UK Warrior Trial Report

4 Sept 17 – 15 Dec 17

Armoured Trials and Development Unit (ATDU) conducted a Private Venture (PV) trial on behalf of Soucy  Defense. The trial aim was to build the UK MOD’s confidence in Composite Rubber Track (CRT) technology  by validating Soucy’s performance claims, in order to inform future Armoured Vehicle Programme (AVP)  capability decisions. 

1. Driving, durability and maintenance improvements. 
  • All crew members stated that there was a noticeable difference in the way the vehicle  responded to both steering and braking demands in differing types of terrain. It was also  noted that the vehicles acceleration was greatly enhanced in relation to Steel Track (ST).
  • CRT shows a noise reduction of between 1.24 dB (A) – 6.24 dB (A) over varying  terrain at the driver crew position and an average of 4.02 dB (A) overall.
  • The trial was completed after 5000Kms with only minor signs of wear being detected on  the Composite Rubber Track (CRT) system, there was also no requirement to change any  of the original CRT parts. Removing and replacing the CRT was the only extensive  maintenance that was conducted, this took the crew approximately 2 hrs 20 mins in field  conditions which was calculated to save on average 415 hrs of manpower.
2.  Noise test results.

Noise testing was carried out at 2500km and 5000Km by contractor Nprime. They  identified the following:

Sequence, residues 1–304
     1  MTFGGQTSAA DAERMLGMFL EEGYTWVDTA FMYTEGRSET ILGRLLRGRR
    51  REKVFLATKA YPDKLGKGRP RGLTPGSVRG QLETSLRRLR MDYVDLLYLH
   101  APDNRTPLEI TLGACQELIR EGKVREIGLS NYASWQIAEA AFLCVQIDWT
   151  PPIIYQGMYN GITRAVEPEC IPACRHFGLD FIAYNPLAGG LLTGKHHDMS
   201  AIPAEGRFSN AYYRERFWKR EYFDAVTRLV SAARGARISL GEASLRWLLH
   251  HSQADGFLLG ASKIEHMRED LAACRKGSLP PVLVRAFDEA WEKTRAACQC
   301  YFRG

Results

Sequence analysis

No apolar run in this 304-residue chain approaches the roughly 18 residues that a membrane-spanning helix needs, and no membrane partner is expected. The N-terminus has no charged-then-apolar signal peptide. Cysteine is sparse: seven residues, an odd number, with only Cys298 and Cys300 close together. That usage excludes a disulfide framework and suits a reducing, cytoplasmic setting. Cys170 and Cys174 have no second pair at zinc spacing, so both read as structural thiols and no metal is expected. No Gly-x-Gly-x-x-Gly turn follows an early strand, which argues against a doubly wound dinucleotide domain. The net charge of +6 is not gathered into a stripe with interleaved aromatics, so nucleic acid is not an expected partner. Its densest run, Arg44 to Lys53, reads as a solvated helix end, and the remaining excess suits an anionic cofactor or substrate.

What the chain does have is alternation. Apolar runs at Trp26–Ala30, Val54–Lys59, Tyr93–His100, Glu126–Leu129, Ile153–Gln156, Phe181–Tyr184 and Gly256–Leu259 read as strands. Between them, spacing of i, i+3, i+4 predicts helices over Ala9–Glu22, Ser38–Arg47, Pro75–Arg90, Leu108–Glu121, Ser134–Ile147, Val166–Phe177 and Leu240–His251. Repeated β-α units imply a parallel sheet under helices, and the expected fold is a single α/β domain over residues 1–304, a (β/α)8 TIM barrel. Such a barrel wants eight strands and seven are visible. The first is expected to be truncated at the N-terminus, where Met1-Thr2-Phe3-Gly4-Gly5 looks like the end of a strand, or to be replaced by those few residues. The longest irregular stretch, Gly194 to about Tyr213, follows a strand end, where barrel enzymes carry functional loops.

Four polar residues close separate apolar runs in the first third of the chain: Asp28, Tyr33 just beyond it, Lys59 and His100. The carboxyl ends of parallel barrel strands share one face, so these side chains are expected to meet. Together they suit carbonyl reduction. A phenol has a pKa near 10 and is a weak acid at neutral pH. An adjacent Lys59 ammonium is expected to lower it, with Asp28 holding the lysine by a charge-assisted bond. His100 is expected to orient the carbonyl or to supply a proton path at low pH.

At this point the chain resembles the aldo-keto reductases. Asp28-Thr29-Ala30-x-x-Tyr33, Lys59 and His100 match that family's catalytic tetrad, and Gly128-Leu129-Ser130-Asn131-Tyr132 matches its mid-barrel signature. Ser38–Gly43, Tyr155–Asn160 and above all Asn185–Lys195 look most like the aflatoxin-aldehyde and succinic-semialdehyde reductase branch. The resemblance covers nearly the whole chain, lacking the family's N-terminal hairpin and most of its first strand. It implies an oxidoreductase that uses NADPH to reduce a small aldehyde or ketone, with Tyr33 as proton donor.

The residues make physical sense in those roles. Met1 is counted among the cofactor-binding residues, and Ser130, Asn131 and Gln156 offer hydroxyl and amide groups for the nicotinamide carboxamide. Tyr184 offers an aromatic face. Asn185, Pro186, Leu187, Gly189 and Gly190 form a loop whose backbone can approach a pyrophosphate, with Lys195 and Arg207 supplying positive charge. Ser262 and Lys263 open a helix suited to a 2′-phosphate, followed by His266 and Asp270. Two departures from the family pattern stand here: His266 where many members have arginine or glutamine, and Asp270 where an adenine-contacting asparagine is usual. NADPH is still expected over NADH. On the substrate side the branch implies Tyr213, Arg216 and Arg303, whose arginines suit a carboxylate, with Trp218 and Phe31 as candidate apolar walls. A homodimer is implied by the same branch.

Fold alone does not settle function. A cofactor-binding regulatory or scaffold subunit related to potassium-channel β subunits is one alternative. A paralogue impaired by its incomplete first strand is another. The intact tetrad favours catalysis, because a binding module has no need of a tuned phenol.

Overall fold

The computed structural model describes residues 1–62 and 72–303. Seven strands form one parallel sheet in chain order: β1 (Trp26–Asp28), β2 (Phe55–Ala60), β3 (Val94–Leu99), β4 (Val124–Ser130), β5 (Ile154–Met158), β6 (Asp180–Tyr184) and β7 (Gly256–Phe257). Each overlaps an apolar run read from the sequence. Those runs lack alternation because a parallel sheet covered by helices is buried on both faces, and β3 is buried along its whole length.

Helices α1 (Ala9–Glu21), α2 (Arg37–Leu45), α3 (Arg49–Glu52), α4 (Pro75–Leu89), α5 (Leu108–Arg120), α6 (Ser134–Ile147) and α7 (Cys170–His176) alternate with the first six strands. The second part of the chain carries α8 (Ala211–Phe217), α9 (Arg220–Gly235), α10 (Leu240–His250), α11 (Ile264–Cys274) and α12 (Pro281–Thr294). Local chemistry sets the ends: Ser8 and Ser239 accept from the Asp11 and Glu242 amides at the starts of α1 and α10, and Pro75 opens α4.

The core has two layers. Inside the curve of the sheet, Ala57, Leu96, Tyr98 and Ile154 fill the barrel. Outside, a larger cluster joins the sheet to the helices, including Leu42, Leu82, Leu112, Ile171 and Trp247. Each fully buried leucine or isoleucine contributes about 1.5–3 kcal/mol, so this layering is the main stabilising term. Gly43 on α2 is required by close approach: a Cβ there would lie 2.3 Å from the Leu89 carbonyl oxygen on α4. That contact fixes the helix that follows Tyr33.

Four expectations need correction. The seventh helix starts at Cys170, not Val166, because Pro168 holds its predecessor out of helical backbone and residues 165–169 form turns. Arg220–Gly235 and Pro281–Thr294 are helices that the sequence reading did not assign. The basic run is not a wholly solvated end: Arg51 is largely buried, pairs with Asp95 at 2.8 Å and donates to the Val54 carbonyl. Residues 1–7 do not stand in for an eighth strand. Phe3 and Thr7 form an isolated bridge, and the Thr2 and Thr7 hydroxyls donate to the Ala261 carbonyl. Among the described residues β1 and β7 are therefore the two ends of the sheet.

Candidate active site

• CRT resulted in noise reduction of between 3.3 dB (A) – 9 dB (A) over varying  terrain at the rear door (dismount) position and an average of 6.56 dB (A) overall.
  • CRT shows a noise reduction of between 1.24 dB (A) – 6.24 dB (A) over varying  terrain at the driver crew position and an average of 4.02 dB (A) overall.
  • CRT shows a noise reduction of between 0.29 dB (A) – 3.36 dB (A) over varying  terrain at the commander crew position and an average of 1.92 dB (A) overall.

The noise increase from CRT to ST was also analyzed at the different crew positions and  the following findings were recorded:

  • Drivers position overall increase – (A) Noise 23.03%
  • Commands position overall increase – (A) Noise 107.85%
  • Rear crew position overall increase – (A) Noise 135.16%

When combined with the dB reduction associated with the CRT, rear crew members  reported greater communication with the remainder of the crew, which improved their  Situational Awareness (SA) before leading any dismounted maneuvers.

3. Vibration test results.
  • CRT shows a vibration reduction of between 3.7 m.s-2 Root Mean Square (RMS) and 21.6  m.s- 2 RMS with an average of 9.6 m.s-2 RMS over varying terrain.
  • It was concluded that CRT gave a reduction in vibration of 59.02 % over varying terrain at  the rear crew position (deemed to be worst affected area of vehicle)
4. Life Cycle Costs.
  • Fuel readings were taken at the start of each terrain type test and calculated at the end  to determine the amount of fuel used during that period. There was a fuel range increase  of 19% (road) and 31.9% (cross-country).  

The CRT trial has been extremely successful. The trial achieved the aim of completing 5000km on one set  of tracks and could possibly have gone well beyond this. Having this track system deliver up to 8000km is  realistic, with the caveat that the track was not tested beyond 5,000km. The objective data collected  during the trial validates the manufacturer’s claimed benefits including reliability, durability, N&V,  automotive performance, much reduced maintenance time and fuel efficiency. Confidence in CRT  technology has thus grown significantly, and the trial has identified several possible exploitation  opportunities in the current and future UK AFV fleet where CRT should deliver program efficiencies and  an enhanced capability to the User. There is evidence that the Noise and Vibration produced by having  CRT fitted is significantly, reduced which will have a genuine effect on the health of our soldiers.